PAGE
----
Karma-formed States and Personal Freedom
by Dr. Stephen Ruppenthal, The Buddhist Channel, Aug 2, 2007
Millions of people the world over believe in karma. The law of karma states that as we sow, so shall we reap: everything we do, say, or even think has consequences, good or bad, and sooner or later, these consequences will come back to us. The question is, is karma fatalistic and set in stone, or is there something we can actually do about it?
First of all, karma isn’t negative and judgmental. Traditional religions declare that some god will punish or reward us for our actions, bad or good. But in the law of karma, there is no one judging or punishing us for harmful actions, nor is there any outside God to reward us for good works. Instead, reward and punishment issue from the self-fulfilling law of karma, which operates as surely in the spiritual sphere as Newton’s “what goes up, must come down” operates in space. And it leaves the future entirely up to us.
Like any physical law, karma operates everywhere and at every moment. It is totally impersonal, requiring no agency except ourselves. For any action to produce karma, it must be accompanied by a conscious will, which presupposes the capacity of free choice.
We decide whether or not to act, wisely or badly, and put the force of our will into whatever we do; it is totally up to us. If a small child hits another child, there is probably no karmic residue, because he or she is still innocent and does not fully acquiesce in the action as an adult would have to; they may be playing happily with the same child minutes later.
When an adult says angry, hurtful words to someone, the will is an accomplice, and the action will bear karmic fruit. When thinking of this power of what we will and sign onto, I always remember the words of the psychologist John Bradshaw, who calls the human will “an intensity of desire raised to the level of action” (Healing the Shame that Binds You, p. 22).
That adult who erupted in anger, then, has poured will and desire into the action. So whether it be minutes, days, or years later, they will karmically receive angry words back from someone else. The karma must return in kind, whether good or bad, even though it may take time for the right circumstances to come around.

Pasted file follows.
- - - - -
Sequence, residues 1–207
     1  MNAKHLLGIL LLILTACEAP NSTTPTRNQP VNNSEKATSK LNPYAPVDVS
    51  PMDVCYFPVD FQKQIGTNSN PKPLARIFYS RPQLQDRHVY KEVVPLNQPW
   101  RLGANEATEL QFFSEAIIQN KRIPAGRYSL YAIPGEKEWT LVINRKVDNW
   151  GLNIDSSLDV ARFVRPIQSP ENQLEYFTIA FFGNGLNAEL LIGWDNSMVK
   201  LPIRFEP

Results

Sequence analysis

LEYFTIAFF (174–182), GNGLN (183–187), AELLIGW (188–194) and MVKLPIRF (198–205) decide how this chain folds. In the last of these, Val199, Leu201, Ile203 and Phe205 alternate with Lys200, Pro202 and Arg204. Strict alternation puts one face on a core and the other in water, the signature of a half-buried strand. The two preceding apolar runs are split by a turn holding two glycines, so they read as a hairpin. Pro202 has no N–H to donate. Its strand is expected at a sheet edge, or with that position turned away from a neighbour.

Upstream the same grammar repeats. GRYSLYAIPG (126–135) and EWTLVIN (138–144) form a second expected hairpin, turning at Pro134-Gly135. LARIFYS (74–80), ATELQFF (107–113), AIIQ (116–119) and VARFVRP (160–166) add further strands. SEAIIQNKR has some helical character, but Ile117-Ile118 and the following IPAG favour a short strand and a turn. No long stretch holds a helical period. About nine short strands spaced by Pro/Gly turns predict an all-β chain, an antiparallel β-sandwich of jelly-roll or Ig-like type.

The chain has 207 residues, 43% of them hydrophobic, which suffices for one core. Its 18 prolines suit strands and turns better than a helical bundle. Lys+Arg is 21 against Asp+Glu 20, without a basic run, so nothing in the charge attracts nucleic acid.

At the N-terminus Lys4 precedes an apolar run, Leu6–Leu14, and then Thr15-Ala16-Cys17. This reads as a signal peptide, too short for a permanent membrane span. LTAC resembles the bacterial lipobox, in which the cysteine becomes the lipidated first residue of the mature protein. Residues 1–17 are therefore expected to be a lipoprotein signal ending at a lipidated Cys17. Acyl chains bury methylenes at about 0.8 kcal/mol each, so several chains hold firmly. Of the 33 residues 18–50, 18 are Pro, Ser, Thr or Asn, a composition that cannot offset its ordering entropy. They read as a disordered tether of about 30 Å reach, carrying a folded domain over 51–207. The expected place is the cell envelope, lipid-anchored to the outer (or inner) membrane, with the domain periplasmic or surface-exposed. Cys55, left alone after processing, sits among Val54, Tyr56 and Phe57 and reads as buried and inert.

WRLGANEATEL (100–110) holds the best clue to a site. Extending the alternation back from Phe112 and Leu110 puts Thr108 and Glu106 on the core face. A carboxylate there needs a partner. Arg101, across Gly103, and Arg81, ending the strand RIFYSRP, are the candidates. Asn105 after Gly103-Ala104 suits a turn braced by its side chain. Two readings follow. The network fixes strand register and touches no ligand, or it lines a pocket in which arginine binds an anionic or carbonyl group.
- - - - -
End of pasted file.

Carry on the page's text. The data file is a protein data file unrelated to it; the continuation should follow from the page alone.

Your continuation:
If, then, such a large part of our experience is simply the mechanical return of the karma our previous actions have accumulated, how can we influence our own karma? Are we destined, say, to be in an accident or suffer a grievous separation from a loved one, because of a previous action, or can we do something to prevent it?
This question leads to the subject of karma-formed states, called samskara by Hindus and Buddhists. A samskara is not just one action and its karmic return, but a mental inclination to act in a certain way. The reason Buddhists caution us against falling into wrong actions—and exhort us to repeat good ones—is that such habits cut a track in consciousness upon which future actions are likely to run. The Buddhist sage Han Shan says
Anger is fire in the mind
Burning up the forest of your merits and blessings.
If you want to walk in the path of the bodhisattvas,
Endure insults and guard your mind against anger.
The message is, if you want to change your karma, change yourself at the most fundamentally deep level that is accessible. This means change at the level of samskaras, in this case, of proneness to anger. Neuroscientist Candace Pert says the same thing in the language of science: if we continue to commit a mistake—say an outburst of anger—then each repetition releases certain peptides that dock on the receptors of our cells.